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PostPosted: November 26th, 2007, 9:49 pm 
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benz wrote:
******: I have never put my dried meals in the freezer but it sounds like a great idea. Do you get any problems with condensation and hence increased moisture content?


Never had any issues - but I also make sure as much air as possible is squeezed out of the bag before I freeze it.


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PostPosted: November 26th, 2007, 10:04 pm 
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Great, I'm excited to try it. I just dehydrated six portions of chili the other day and it turned out great! :D


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PostPosted: November 27th, 2007, 7:05 am 
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Dehydrating and Dry Vac is where its at!! My next move is to somehow inject nitrogen gas in the bags.. then I'm good for much, much longer, and can carry a wider of variety of food.

As for chili, I prefer to cook it at the site, and have the dehydrated ingredients separated before hand. Is the chilli as tasty when its premade and dehydrated?


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PostPosted: November 27th, 2007, 8:09 am 
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If you dehydrate food and freeze it , since there is no water left , you will not get freezer burn. The freezing will just prolong the useful life of the food.

If you are planning to put it into a barrel for canoeing, you need to take it out of the freezer some time before placing it in the barrel to allow the packages to equilibrate to room temperature. If you pack it while it is cold and then seal up your barrel you will incur condensation on the packages and that will remain in the barrel and cause some grief fo you.

Nitrogen would help in storage, but there are no simple low cost methods for home packagers like ourselves to get it into the package. An easier way is to purchase a bunch of Oxygen absorbers and use them to reduce to oxygen level in the vacuum package. You can buy them from people who sell dehydrated foods such as Walton feed Mills etc.


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PostPosted: November 27th, 2007, 8:19 am 
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I find that the chili is a lot more tasty when it is premade and dehydrated. I think the reason is that when i make it at home it simmers for a really long time (4-6 hours) and the flavors really have time to get infused into the beans and the meat.

The biggest reason for doing it this way is that it's just easier. I'm already making the food anyway, so making more isn't an inconvenience.

gcc_mtl wrote:
Dehydrating and Dry Vac is where its at!! My next move is to somehow inject nitrogen gas in the bags.. then I'm good for much, much longer, and can carry a wider of variety of food.

As for chili, I prefer to cook it at the site, and have the dehydrated ingredients separated before hand. Is the chilli as tasty when its premade and dehydrated?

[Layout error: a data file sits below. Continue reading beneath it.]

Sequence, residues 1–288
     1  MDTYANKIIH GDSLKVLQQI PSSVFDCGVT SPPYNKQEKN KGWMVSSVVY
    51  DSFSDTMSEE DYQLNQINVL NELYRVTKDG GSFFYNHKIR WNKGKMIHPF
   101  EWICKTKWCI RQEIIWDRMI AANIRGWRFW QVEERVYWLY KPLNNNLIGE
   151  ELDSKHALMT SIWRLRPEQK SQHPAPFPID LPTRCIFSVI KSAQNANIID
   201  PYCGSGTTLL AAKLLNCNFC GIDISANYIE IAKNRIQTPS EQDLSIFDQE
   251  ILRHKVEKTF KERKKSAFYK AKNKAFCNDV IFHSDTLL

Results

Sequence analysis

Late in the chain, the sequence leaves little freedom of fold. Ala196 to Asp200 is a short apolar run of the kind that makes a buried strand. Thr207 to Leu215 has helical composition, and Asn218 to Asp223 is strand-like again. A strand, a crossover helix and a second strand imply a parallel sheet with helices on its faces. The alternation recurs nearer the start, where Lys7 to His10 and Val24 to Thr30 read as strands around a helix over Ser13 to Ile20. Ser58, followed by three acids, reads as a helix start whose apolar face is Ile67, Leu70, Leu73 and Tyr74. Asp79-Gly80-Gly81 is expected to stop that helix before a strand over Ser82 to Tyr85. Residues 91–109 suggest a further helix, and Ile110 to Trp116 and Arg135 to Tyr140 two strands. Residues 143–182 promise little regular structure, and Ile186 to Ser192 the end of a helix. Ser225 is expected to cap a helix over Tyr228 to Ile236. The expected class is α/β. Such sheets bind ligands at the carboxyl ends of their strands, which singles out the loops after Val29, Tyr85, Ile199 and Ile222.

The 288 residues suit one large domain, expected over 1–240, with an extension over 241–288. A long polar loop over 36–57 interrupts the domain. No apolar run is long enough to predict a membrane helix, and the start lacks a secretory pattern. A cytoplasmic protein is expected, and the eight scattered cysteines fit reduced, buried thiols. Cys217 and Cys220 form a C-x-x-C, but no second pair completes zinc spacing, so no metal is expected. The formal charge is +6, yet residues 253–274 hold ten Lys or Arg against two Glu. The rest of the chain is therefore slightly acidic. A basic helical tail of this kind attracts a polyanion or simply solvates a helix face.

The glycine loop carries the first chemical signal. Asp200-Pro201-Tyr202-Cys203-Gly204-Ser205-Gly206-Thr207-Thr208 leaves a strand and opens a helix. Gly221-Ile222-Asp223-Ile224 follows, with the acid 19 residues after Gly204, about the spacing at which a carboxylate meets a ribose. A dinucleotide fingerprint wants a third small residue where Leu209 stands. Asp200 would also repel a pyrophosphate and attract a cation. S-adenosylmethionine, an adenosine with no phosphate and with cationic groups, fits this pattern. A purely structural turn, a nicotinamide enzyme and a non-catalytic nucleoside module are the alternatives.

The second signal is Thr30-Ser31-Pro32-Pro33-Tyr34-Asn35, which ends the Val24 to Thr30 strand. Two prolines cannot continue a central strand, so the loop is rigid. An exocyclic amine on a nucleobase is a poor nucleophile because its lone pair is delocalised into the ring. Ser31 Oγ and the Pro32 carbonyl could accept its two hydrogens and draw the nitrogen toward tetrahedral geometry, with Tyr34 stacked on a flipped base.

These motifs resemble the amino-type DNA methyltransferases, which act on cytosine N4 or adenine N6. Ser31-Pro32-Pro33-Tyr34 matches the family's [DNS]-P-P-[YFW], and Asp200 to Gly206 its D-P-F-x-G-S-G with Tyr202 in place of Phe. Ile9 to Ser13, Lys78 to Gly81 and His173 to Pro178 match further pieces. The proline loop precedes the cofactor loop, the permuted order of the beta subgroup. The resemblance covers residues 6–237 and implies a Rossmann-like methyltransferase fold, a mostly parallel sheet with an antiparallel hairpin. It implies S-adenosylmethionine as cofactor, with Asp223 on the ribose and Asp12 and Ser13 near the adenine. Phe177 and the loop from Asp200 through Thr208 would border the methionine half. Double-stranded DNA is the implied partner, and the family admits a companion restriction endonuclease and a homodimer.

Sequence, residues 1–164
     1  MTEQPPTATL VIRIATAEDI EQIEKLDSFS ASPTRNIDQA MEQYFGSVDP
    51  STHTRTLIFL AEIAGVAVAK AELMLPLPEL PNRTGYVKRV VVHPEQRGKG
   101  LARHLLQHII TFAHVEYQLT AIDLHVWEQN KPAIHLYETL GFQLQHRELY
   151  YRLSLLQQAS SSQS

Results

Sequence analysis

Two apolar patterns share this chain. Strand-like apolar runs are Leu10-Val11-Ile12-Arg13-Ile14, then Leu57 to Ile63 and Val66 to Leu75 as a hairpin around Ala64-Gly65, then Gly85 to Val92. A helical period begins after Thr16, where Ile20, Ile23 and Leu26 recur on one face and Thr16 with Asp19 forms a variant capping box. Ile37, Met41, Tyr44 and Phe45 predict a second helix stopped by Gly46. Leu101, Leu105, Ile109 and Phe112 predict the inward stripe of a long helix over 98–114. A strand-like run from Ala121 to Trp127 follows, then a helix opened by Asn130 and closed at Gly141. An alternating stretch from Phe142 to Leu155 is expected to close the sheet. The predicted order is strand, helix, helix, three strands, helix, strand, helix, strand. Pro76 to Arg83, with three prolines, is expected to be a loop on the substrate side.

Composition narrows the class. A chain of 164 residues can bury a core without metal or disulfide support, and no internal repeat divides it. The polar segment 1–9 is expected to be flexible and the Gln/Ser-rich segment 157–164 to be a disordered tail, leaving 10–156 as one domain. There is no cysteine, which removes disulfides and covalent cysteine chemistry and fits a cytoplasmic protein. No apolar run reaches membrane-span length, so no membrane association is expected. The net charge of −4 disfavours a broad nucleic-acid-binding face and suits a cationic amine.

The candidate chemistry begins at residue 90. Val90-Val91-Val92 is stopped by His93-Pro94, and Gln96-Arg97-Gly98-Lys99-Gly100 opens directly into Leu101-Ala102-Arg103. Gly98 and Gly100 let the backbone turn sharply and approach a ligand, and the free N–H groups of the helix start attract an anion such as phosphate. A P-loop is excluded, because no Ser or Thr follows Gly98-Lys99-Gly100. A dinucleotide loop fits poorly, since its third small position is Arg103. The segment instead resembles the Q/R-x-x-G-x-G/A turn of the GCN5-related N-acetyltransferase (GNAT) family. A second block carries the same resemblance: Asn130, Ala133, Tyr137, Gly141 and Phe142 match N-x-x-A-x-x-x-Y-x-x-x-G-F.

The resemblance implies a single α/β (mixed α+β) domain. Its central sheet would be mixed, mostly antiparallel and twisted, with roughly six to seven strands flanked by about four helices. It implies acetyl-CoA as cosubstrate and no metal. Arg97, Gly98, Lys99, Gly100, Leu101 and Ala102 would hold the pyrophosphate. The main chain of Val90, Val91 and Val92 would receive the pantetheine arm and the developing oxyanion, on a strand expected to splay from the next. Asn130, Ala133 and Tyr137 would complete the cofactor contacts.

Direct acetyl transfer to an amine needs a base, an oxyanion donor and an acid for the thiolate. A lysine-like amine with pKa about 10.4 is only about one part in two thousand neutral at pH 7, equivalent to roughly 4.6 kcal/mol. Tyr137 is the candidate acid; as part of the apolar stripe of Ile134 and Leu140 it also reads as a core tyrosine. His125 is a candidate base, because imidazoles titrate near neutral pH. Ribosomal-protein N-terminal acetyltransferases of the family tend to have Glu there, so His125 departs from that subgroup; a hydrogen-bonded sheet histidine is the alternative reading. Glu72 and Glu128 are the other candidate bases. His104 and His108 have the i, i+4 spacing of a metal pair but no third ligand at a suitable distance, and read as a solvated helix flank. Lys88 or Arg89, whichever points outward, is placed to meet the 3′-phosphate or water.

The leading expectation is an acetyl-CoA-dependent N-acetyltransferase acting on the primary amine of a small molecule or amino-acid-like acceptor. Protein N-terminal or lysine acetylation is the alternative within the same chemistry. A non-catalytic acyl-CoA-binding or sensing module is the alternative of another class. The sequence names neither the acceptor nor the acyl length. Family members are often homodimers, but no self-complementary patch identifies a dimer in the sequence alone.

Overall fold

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PostPosted: November 27th, 2007, 10:30 am 
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If you dehydrate food and freeze it , since there is no water left , you will not get freezer burn. The freezing will just prolong the useful life of the food.

Are you saying I dont need to Dry Vac my food? Or to dry vac it before I pack the barrel only?


As for the chilli.. you cook the meat, drain it, and then continue and make the chilli? How do you drain all the fat to be able to make a good dehydration.

Lastly, where do I get all the recipes my heart desires for hearty food that can be dehydrated?


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PostPosted: November 27th, 2007, 10:44 am 
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gcc_mtl wrote:
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As for the chilli.. you cook the meat, drain it, and then continue and make the chilli? How do you drain all the fat to be able to make a good dehydration.


If I am using extra-lean ground beef, I don't bother to drain the fat, although it would probably be more wise to do so. I just use it to cook the other veggies in. When it's finished dehydrating, there is a tiny amount of fat that surfaces from the beans but not enough that I'm worried about it.


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PostPosted: November 27th, 2007, 10:57 am 
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Mac wrote:
An easier way is to purchase a bunch of Oxygen absorbers and use them to reduce to oxygen level in the vacuum package. You can buy them from people who sell dehydrated foods such as Walton feed Mills etc.

I save all mine from other purchases. Those and dessicates. Every pill bottle has one. Every store bought freeze dried meal has one. All sorts of things come with them.

I just avoid meat when I trip. Not all the time, depends on the season. If I can make use of God's Own Fridge, great. When it warms up, not worth the trouble imo. Store bought freeze dried stuff is safe, but I don't trust me or want to risk my vacation enough to play that game with my home-prep foods.


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PostPosted: November 27th, 2007, 7:58 pm 
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gcc_mtl wrote:
Quote:
If you dehydrate food and freeze it , since there is no water left , you will not get freezer burn. The freezing will just prolong the useful life of the food.

Are you saying I dont need to Dry Vac my food? Or to dry vac it before I pack the barrel only?


As for the chilli.. you cook the meat, drain it, and then continue and make the chilli? How do you drain all the fat to be able to make a good dehydration.

Lastly, where do I get all the recipes my heart desires for hearty food that can be dehydrated?


I can answer this...

Don't need to dry vac at all! (I don't even own one of those - however it would be a great housewarming present)

I use extra lean meat and cook it then drain it and make the chili like I always do. Now I do this because I usually make a lot and we have it for dinner, then I dry the leftovers. If I am just drying ground beef I also rinse it a few times.